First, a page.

Visions of Bowmen and Angels: Mons 1914, by Kevin McClure. A Wild Places Special, 32pp. Self published: St Austell, Cornwall, n.d. .
I have no idea for whom I wrote this, and can find no record of it having been published.
Kevin McClure has compiled and self-published a useful booklet describing visions, mostly but not exclusively of angels and mediaeval bowmen, allegedly seen by soldiers in France during the early stages of the First World War. He mainly confines his efforts to contemporary sources, providing a path through the confusing chronology and variations in the stories.
The striking thing about the original accounts is the paucity of eyewitnesses to the events being described. These are urban legends, told by friends of friends, with a tendency to evaporate upon closer inspection. The SPR launched an investigation, and decided that as they had received no first-hand, but only weak second-hand, testimony which did not support a paranormal interpretation, they were in effect obliged to declare the visions 'not proven'.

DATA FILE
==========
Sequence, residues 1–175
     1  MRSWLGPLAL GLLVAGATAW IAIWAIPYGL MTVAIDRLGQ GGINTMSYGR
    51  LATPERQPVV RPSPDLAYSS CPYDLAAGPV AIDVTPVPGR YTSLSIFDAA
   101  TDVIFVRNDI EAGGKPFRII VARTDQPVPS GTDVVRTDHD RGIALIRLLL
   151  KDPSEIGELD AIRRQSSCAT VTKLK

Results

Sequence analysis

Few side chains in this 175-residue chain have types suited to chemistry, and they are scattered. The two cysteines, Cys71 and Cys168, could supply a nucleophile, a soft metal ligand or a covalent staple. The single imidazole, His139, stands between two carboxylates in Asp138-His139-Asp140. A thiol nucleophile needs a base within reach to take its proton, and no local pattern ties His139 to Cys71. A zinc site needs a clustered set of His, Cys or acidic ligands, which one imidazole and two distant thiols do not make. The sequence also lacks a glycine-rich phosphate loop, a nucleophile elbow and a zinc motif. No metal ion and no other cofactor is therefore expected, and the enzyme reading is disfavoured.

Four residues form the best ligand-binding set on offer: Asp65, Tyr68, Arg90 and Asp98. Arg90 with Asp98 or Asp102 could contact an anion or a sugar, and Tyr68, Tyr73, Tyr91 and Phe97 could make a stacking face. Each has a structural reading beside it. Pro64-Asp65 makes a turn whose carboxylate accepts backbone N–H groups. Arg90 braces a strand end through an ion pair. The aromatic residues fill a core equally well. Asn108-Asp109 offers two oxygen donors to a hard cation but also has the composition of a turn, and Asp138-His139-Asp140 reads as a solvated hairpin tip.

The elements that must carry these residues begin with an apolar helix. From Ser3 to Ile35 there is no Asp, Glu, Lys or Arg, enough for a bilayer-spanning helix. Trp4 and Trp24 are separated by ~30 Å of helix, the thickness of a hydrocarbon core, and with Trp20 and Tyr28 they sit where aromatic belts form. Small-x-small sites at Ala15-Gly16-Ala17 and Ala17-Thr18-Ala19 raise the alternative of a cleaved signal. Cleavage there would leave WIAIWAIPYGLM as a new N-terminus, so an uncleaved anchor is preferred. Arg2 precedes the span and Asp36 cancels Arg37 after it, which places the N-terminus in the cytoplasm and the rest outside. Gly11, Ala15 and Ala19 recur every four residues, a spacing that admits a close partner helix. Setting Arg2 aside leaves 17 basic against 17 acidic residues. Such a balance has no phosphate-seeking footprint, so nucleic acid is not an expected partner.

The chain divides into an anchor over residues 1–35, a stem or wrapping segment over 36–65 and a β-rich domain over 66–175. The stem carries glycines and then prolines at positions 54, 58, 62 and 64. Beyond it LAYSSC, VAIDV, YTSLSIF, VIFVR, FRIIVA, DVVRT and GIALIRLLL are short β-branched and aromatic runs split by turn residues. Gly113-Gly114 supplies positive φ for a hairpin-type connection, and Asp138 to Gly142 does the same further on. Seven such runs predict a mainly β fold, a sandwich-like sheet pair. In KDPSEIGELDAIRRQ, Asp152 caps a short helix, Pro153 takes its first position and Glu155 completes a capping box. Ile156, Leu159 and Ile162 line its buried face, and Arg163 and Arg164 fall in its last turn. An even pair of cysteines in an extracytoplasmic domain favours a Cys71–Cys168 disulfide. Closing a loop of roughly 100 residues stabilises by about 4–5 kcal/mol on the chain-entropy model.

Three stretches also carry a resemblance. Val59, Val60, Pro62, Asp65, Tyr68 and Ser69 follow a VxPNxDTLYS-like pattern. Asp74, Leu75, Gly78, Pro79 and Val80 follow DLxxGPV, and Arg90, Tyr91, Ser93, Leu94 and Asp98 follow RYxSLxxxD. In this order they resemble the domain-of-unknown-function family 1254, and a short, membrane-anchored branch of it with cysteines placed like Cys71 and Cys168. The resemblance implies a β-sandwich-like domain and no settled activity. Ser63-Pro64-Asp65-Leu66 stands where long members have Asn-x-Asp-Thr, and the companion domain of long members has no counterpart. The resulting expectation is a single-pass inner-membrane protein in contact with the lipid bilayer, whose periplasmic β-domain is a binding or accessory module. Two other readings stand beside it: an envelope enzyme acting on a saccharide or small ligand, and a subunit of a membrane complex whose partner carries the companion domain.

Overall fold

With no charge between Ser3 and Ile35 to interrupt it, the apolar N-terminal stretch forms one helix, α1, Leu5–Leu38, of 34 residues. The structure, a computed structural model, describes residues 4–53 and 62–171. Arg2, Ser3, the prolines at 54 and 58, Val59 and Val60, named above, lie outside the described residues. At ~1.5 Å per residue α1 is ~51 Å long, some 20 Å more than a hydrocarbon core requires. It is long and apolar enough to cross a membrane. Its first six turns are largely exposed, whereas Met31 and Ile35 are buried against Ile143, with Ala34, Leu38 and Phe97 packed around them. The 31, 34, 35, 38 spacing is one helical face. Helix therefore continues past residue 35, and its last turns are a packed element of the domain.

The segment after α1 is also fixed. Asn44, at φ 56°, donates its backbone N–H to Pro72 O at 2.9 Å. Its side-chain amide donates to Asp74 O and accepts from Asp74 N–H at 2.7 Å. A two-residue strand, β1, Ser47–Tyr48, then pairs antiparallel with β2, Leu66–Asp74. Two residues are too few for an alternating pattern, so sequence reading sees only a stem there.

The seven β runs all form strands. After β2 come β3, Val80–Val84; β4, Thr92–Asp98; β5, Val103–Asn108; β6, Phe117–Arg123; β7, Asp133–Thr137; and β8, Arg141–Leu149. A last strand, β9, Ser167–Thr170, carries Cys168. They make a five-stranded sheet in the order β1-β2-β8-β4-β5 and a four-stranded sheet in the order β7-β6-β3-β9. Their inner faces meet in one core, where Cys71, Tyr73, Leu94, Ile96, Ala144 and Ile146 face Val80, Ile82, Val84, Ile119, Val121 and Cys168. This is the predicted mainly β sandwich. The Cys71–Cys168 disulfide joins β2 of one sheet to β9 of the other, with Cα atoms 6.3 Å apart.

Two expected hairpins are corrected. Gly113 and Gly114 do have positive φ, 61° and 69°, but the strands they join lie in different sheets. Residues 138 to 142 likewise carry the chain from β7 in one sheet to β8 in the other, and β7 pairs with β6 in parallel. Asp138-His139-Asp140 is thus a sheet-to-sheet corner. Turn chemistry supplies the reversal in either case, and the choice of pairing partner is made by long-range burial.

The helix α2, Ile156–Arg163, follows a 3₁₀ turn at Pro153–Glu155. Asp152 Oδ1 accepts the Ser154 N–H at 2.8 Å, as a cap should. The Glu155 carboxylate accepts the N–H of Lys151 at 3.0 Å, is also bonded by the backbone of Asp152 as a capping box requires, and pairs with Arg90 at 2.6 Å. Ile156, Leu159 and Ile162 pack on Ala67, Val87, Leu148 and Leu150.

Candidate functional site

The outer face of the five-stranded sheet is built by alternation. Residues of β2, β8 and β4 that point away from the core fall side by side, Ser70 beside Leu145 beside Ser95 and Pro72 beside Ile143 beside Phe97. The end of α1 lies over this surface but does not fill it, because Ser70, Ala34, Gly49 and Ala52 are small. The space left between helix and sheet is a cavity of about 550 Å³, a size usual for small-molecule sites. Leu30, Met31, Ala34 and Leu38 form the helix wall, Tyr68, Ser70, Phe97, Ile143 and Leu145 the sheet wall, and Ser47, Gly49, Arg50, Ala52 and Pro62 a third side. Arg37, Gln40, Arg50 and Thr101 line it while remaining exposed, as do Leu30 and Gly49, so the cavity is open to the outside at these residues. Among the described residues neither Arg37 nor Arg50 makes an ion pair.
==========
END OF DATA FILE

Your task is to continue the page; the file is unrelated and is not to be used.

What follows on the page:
McClure concludes that "a combination of tiredness, discomfort and fear, prolonged over an excessive period, can effectively create an ASC [altered state of consciousness] of one type or another." This does beg the question why such visions were seen so early in the war, and not later, when exhaustion, stress, disease, malnutrition and general misery were even more prevalent.
To be in such a situation in 1914 was novel, and perhaps the visions were one way of helping the combatants make sense of their predicament, but as the war dragged on familiarity blunted the emotions and sheer survival became more important than a mystical sense of Englishness. The bigger surprise is not that such entities as St George, King Arthur, Agincourt bowmen, Jesus (aka The Comrade in White) and angels appeared to the weary soldiers, but that they were not followed by the Four Horsemen of the Apocalypse.